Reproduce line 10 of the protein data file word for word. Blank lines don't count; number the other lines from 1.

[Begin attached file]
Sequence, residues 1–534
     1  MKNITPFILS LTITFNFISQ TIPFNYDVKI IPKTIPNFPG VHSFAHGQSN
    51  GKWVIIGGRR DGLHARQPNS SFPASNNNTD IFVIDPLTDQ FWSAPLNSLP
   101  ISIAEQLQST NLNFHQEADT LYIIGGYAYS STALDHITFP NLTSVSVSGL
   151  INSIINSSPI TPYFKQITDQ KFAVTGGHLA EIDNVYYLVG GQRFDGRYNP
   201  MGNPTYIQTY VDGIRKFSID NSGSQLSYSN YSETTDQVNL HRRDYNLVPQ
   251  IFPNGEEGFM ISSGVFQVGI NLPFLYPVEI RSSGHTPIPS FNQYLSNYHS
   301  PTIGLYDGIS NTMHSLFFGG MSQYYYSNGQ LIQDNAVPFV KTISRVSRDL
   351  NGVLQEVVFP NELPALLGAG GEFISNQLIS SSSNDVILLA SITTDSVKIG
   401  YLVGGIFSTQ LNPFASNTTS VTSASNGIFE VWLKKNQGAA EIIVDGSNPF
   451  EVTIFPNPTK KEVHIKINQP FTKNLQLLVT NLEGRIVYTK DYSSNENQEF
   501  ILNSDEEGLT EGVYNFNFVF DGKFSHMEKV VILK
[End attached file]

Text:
   401  YLVGGIFSTQ LNPFASNTTS VTSASNGIFE VWLKKNQGAA EIIVDGSNPF